Other Halloween entertainment offerings include a themed version of the Sesame Street show, and Movies of the Macabre – a selection of silent movies being shown in Italy’s Teatro de San Marco.
Busch Gardens has changed up the scare zones somewhat this year. The one thing that’s a little disappointing now is that it’s impossible to walk around the park without walking through a scare zone. For anyone who really doesn’t want to be scared, there doesn’t seem to be a safe route around the park that doesn’t include an encounter with a roving ghoul. Perhaps a clear “no-scare” path could be provided for those who simply want to ride the coasters at night and aren’t interested in the Halloween activities.
The first scare zone in the park, The Moors, is between England and Ireland, and is inhabited by large gentlemen in kilts, with wooden shields and swords, prepared to chase you out of Heatherdowns and into Ireland.
The second scare zone, Mischief and Mayhem, is located in Jack Hannah’s Wild Reserve, between Ireland and France. It features scareactors in ghillie suits, who jump out of the bushes to startle passers-by. In New France, the Watchers has a scareactor on bungee cords, which let him jump out at people walking by and scare them. A few roving ghouls help to hurry people along towards the bridge to Germany.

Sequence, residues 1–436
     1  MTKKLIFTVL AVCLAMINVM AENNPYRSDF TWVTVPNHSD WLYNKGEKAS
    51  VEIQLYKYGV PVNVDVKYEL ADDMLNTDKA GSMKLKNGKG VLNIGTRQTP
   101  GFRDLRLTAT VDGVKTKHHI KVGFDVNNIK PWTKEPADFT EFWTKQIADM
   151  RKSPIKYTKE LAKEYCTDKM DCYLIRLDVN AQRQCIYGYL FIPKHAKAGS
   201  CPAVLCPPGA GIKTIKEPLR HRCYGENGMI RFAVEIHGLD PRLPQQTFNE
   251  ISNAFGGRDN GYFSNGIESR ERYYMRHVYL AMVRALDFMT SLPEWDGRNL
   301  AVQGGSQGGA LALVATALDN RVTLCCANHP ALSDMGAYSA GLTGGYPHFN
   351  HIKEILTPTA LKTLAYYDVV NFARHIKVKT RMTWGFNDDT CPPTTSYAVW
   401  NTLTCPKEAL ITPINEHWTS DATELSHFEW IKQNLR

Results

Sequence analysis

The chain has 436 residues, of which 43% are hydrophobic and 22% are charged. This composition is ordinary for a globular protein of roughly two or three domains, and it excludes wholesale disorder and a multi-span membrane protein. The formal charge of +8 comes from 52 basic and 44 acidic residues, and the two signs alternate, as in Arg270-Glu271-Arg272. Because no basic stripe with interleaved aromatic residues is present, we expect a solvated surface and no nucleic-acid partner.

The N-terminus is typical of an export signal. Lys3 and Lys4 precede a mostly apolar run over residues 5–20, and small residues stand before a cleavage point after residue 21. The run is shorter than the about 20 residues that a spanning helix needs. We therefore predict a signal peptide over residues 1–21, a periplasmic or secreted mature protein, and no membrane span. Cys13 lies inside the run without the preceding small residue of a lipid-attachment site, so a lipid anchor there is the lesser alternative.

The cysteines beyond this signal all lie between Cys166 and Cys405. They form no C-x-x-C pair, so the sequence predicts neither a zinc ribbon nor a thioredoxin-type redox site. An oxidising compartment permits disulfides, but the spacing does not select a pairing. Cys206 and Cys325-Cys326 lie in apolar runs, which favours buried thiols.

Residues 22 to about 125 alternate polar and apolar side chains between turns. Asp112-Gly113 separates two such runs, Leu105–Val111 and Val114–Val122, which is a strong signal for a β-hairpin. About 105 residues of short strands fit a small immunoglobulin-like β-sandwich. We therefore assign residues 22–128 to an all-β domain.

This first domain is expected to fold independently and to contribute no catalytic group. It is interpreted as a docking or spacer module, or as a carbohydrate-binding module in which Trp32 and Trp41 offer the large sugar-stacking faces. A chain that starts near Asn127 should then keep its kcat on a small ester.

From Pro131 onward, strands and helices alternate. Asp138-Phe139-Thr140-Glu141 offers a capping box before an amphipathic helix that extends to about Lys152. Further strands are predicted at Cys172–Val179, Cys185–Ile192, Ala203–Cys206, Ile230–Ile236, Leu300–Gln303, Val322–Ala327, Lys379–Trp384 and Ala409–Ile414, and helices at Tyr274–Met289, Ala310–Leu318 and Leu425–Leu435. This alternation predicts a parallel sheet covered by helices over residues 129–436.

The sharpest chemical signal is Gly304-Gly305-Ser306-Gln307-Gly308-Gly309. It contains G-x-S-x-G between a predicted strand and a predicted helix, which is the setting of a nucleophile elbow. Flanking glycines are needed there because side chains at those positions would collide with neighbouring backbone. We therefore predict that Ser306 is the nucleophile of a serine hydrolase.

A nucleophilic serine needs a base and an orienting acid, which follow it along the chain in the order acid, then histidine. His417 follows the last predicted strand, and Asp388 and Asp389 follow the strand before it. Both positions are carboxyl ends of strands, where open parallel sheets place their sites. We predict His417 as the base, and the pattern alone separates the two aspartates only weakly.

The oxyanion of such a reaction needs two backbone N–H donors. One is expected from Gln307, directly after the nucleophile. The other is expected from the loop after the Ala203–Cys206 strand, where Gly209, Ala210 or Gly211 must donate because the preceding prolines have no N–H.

At the entrance to Octoberfest, the Werewolves scare zone features, what else, werewolves. There appeared to be an additional walkway next to the main path for use by scareactors, but it did not seem to be in use presently. Harvest Hollow is the scariest advertised scare zone, and it is located after the two mazes in Festhaus Park. It feels like you are walking through the movie Children of the Corn, with scarecrows around every turn.
This scare zone had the largest number of scareactors, with at least 7 along a 100 ft path. If the haunted houses didn’t scare you, this scare zone should send a shiver down your spine.
Finally, as you exit Festhaus Park, you encounter Strangers Beware, which gives a final group of scareactors one last chance to scare you before your final escape from the area. The scare zone Spell Bound, along the path from Festa Italia to Pompeii, did not appear to be in use- no scareactors were visible, though a recording of blood-curdling screams from the bridge area occurred every so often to scare bridge crossers.